Oakland Raiders: Derek Carr Takes Charge, Making The Offense His Own

Dec 20, 2015; Oakland, CA, USA; Oakland Raiders quarterback Derek Carr (4) calls a play against the Green Bay Packers in the fourth quarter at O.co Coliseum. The Packers defeated the Raiders 30-20. Mandatory Credit: Cary Edmondson-USA TODAY Sports
Dec 20, 2015; Oakland, CA, USA; Oakland Raiders quarterback Derek Carr (4) calls a play against the Green Bay Packers in the fourth quarter at O.co Coliseum. The Packers defeated the Raiders 30-20. Mandatory Credit: Cary Edmondson-USA TODAY Sports /

The Oakland Raiders are enjoying an offseason of continuity for a change, and perhaps nobody is taking more advantage of that than Derek Carr, who is taking control of the offense and making it his own.

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For the Oakland Raiders, one of the only constants since their Super Bowl drubbing at the hands of the Tampa Bay Buccaneers all the way back in 2002 has been change – and not change in a good way. With a revolving door of head coaches and especially quarterbacks, the Raiders have found themselves at the bottom of the league in just about every meaningful category for more than a decade running. But things certainly seem to be changing – only this time, they’re changing in a good, positive, productive way.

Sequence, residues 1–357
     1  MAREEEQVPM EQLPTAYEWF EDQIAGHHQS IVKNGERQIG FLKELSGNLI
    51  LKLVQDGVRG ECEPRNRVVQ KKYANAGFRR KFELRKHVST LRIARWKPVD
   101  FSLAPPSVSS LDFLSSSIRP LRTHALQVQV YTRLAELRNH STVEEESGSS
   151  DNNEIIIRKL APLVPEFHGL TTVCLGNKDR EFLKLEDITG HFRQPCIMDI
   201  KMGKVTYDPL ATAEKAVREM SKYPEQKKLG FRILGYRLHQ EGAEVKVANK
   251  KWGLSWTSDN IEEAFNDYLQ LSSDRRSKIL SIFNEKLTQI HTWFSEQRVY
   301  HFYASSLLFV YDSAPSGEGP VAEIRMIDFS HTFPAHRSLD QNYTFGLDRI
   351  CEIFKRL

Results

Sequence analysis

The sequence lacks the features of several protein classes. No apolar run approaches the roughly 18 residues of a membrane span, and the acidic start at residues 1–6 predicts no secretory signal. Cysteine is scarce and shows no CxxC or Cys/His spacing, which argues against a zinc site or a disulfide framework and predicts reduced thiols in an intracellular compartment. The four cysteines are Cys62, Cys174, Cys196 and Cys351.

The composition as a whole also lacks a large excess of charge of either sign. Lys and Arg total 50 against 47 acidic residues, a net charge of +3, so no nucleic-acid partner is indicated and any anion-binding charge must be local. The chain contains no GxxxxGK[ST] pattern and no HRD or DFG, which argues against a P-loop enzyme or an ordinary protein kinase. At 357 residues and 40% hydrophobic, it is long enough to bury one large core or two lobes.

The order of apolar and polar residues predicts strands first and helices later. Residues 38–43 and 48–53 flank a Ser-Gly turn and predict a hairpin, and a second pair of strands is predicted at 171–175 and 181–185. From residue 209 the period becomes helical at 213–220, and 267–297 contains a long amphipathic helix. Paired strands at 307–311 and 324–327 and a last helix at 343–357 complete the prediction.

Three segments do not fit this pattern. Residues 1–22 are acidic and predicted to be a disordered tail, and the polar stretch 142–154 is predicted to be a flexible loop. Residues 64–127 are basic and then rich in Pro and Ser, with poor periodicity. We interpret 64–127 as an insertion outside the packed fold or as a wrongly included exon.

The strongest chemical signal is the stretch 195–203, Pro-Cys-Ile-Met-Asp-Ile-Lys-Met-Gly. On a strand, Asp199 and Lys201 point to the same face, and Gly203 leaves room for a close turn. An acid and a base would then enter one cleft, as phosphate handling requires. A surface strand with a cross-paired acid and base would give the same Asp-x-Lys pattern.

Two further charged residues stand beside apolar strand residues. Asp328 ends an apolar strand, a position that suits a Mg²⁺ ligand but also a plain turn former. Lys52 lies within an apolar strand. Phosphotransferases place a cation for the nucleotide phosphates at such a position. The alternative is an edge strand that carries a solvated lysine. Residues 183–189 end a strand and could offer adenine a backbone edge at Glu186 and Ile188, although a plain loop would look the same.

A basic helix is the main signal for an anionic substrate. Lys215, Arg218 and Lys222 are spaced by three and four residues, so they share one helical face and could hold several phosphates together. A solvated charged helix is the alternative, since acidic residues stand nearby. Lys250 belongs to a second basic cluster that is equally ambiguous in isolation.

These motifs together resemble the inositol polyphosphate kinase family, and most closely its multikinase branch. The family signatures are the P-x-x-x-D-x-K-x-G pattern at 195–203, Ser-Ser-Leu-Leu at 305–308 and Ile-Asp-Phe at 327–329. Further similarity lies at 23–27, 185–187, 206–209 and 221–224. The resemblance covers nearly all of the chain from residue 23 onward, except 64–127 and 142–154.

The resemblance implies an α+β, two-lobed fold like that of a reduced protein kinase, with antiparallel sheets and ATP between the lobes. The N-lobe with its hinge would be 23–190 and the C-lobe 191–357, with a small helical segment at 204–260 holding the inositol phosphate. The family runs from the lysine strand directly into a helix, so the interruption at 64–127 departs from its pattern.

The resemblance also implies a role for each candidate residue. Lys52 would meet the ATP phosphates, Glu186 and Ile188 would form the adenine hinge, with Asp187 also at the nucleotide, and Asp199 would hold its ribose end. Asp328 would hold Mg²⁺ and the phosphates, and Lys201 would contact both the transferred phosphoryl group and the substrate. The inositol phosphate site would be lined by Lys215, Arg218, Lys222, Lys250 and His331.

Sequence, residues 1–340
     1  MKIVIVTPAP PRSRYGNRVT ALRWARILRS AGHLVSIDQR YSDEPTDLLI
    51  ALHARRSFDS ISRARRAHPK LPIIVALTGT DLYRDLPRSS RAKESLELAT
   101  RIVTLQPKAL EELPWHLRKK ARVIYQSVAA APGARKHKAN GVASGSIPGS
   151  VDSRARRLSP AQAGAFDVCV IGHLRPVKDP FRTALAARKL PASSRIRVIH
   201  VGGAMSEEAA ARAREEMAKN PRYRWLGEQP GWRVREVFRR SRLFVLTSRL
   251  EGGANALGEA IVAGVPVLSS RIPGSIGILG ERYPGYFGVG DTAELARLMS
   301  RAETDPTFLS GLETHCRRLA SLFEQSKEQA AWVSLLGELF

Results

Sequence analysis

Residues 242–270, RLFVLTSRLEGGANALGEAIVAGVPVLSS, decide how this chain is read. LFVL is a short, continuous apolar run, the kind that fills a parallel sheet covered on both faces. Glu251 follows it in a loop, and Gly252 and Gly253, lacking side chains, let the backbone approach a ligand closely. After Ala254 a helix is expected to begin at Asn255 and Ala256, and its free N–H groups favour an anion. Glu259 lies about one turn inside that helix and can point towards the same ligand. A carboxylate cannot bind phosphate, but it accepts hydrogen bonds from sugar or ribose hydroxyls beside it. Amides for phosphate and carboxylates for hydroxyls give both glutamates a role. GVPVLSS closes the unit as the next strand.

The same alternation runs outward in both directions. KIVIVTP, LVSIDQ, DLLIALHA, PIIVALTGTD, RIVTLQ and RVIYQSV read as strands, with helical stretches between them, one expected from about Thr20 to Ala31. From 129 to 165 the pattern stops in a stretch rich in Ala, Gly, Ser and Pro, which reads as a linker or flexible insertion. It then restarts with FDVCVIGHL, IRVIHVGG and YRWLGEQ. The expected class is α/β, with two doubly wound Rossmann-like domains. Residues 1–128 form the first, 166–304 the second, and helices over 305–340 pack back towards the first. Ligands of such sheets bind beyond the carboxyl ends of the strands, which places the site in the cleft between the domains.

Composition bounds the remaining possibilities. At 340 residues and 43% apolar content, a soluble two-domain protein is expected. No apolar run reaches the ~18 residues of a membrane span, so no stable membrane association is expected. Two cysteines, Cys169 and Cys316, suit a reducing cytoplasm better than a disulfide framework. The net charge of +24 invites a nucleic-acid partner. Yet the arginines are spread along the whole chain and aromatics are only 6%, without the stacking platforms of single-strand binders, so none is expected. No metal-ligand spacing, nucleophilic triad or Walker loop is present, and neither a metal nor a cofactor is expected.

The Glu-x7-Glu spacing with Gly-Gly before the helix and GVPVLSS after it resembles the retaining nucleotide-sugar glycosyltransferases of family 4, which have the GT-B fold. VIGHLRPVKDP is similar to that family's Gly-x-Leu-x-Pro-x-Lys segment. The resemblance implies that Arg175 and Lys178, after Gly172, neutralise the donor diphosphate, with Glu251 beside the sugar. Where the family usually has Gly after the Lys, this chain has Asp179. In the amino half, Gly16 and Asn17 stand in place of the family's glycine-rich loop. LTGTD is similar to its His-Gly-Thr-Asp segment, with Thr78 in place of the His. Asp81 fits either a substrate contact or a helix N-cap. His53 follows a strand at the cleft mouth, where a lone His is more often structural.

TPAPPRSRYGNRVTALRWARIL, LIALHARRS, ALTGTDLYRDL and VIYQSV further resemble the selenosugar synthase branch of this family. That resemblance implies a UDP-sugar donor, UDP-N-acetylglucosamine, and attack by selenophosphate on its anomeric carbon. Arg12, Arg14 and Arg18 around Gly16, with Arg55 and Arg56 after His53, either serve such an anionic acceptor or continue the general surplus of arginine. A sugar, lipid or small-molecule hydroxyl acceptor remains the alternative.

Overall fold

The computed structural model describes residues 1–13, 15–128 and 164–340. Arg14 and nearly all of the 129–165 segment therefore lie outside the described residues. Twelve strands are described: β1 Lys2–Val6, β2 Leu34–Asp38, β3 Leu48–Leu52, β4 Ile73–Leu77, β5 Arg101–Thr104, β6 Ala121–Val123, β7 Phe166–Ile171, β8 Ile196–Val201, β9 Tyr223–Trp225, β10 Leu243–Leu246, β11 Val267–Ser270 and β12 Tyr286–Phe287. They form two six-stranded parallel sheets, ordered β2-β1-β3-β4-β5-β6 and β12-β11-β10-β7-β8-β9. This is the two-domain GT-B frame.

For more than a decade now, the Raiders have been searching for a franchise quarterback. They’ve been trying to find that guy who can put the offense on his shoulders and guide this team forward. Obviously, they haven’t had a whole lot of success in finding that guy over the years. But it is looking a lot like their search ended when they were able to snatch Derek Carr up in the second round of the 2014 NFL Draft.

Now, entering just his third year in the league, Carr still has much to prove. Obviously. Though he made a tremendous leap from year one to year two – and even bigger things are expected of him in year three – he still hasn’t won anything just yet. He still hasn’t ascended to that mythical “elite” status as a signal caller. Yet.

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At this point, Carr is already a very good quarterback. Yes, there are some flaws to his game that he needs to work on, but most of them are a result of inexperience. Carr needs to learn he doesn’t have to do it all. He needs to learn to dial things back and let the plays come to him rather than forcing something that isn’t there. These are things that will be smoothed over with a little more experience.

What the Raiders – and their fans – should be getting very excited about is the fact that heading into year three – a year of continuity in which he’s not “learning a new language” – Carr is taking control of the offense and is beginning to tweak and fine tune OC Bill Musgrave‘s plays to better suit his skill set.

Most will write it off a a simple, innocuous play made during OTA’s. And turth be told, it was. Running a red zone drill, Carr checked out of the original play and called his own number, waltzing in for a score. Not that big of a deal, right?